Co-Occurring Disorders: Symptoms, Risk Factors, and Treatment

Written By

Amanda Stevens

Amanda Stevens, B.S.

On November 18, 2023

What you will learn

  • A co-occurring disorder is the presence of a mental health condition and substance use that occur together.
  • These disorders may occur independently but simultaneously, or they may arise from one worsening the other.
  • There are many possible risk factors for developing co-occurring disorders, including genetic and environmental factors.
  • Treatment for co-occurring disorders requires an integrative approach that addresses both conditions concurrently.
Reading Time: 4 minutes

Millions of people struggle with mental health conditions and substance use disorders, often together, which is known as co-occurring disorders. These conditions can occur independently or may influence each other.

About 9.5 million American adults have a co-occurring mental illness and substance use disorder.[1] Together, these conditions can intensify symptoms and risks, as well as creating challenges in treating both successfully.

What Are Co-Occurring Disorders?

Co-occurring disorders occur when someone has a mental health condition and a substance use disorder that occur simultaneously.[2] Though this term usually applies to these two groups of disorders, it can also apply to other behavioral health conditions like a mental disorder and an intellectual disability.

When a mental health condition and substance use disorder co-occur, they can differ in severity or change over time. People with co-occurring disorders may experience more significant symptoms and challenges with treatment.

What Are Examples of Co-Occurring Disorders?

There are some conditions that commonly co-occur, such as anxiety or depression with substance use. Attention deficit/hyperactivity disorder (ADHD), schizophrenia, and some personality disorders are also more likely to co-occur with substance use disorders.

The substances can vary but may include:

  • Tobacco
  • Alcohol
  • Opioids
  • Marijuana
  • Stimulants
  • Hallucinogens
  • Prescription medications

What Mental Health Conditions Are Common with Co-Occurring Disorders?

There are a range of mental health conditions that can co-occur with substance use disorder, including anxiety disorders like generalized anxiety disorder and depressive disorders like clinical depression.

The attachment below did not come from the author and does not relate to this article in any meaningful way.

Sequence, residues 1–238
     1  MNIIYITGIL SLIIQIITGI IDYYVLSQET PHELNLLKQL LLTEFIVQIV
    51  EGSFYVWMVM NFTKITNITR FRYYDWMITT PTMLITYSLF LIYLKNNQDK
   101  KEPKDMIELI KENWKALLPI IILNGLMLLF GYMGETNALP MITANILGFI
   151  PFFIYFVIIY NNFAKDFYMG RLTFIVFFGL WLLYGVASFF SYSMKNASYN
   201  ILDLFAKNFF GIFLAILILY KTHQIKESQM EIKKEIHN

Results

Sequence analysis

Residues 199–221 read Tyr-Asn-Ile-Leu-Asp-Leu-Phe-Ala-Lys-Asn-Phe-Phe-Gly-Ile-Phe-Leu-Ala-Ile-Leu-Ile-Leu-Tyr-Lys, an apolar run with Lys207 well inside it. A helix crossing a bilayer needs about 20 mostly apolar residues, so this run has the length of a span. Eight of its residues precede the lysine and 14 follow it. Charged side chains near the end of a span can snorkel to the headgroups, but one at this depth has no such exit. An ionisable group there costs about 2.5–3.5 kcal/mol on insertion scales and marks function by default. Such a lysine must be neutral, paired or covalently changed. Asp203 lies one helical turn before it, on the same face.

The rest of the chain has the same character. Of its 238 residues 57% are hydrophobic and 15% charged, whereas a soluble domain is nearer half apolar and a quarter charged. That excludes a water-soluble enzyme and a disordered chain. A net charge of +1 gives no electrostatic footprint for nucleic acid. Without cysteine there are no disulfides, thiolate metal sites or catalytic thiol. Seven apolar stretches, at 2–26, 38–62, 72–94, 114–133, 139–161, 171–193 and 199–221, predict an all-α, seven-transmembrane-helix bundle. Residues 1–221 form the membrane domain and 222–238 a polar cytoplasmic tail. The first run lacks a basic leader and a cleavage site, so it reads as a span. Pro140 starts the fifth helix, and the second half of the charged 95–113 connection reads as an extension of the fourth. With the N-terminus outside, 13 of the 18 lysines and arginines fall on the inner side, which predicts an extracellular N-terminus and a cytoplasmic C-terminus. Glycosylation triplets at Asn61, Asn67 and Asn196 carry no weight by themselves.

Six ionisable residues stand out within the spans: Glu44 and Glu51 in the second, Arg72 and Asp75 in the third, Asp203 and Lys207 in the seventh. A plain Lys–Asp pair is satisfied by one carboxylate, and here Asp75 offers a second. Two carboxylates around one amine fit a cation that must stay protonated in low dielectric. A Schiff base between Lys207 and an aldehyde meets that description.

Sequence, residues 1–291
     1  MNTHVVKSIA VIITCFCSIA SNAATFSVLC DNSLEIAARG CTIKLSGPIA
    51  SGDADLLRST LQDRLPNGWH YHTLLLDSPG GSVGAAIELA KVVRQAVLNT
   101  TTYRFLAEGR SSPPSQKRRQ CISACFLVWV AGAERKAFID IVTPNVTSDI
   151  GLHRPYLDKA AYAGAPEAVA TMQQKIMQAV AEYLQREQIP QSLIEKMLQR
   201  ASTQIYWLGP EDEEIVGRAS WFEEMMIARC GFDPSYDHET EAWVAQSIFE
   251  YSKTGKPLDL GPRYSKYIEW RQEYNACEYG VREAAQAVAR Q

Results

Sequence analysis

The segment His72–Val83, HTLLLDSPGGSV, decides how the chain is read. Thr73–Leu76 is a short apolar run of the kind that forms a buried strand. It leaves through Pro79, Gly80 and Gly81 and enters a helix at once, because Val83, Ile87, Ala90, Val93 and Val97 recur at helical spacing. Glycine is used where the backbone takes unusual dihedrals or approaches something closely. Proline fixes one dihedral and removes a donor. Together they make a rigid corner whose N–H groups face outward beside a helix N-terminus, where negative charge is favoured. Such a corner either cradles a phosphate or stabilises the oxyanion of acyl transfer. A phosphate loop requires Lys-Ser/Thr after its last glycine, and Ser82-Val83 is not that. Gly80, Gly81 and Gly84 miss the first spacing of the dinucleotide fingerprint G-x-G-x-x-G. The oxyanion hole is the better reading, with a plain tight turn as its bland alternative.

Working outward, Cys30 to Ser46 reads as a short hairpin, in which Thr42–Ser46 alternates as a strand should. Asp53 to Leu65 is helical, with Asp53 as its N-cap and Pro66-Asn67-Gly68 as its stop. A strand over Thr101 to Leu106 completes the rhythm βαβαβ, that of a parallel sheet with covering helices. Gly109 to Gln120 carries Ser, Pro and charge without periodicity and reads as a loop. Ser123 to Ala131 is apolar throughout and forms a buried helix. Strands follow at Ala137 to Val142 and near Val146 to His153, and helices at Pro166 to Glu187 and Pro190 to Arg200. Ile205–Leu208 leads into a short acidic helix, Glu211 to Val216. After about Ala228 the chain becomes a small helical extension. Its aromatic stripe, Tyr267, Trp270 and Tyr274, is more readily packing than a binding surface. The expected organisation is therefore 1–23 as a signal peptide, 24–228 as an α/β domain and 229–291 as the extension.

Co-occurring disorders aren’t limited to these groups of conditions, however. ADHD, which is characterized by impulse control issues, poor focus and attention, and hyperactivity, is a commonly co-occurring disorder.

PTSD and other trauma disorders are also common, which may include nightmares, flashbacks, depression, anxiety, and in some cases, substance use. Conduct disorders may present with co-occurring disorders, as they align with some of the behaviors of substance use, such as deceitful behavior, destructive behavior, issues with authority, and engaging in illegal activities.

Some process disorders, also known as process addictions, may co-occur with substance use. These may include internet addiction, video game use disorder, sex addiction, gambling addiction, or eating disorders. Addiction interaction disorder, which causes a person to go from one addiction to another, may coincide with substance use as well.

Who Is at the Greatest Risk of Developing a Co-Occurring Disorder?

Roughly 9.5 million Americans have a co-occurring mental health condition and substance use disorder. Over half of these people are men, indicating it may be more common in men than women.[3] People who struggle with anxiety and depression also have a higher risk of co-occurring substance use disorders.

Some people have genetic risk factors that contribute to mental health conditions, substance use disorders, or both, but the environment can also play a role. For example, alcohol use disorder is associated with conditions like anxiety and depressive disorder. Chronic stress, trauma, peer drug use, family strife, and social acceptance of substance use can also contribute to these conditions.

With co-occurring disorders, one may influence the other and exacerbate the symptoms of both. Substance use may lead to the development of a mental health condition like depression, but it could also worsen an existing disorder. In some cases, a person with a mental health condition may turn to drugs or alcohol to self-medicate symptoms. For example, a person with post-traumatic stress disorder (PTSD) drinking alcohol to relax, which turns into an addiction.

What Are the Symptoms of Co-Occurring Disorders?

Co-occurring disorders show symptoms related to the specific mental health condition or substance use disorder. The symptoms are often specific to the substance used, but may include:

  • Seeking substances despite consequences
  • Devoting excessive time to getting the substance
  • Intense cravings
  • Tolerance
  • Withdrawal
  • Neglecting regular activities
  • Expressing a desire to stop but unable to

People with co-occurring disorders experience an increased risk for devastating effects like social isolation, relapses, problems with interpersonal relationships, legal troubles, victimization, and serious medical conditions.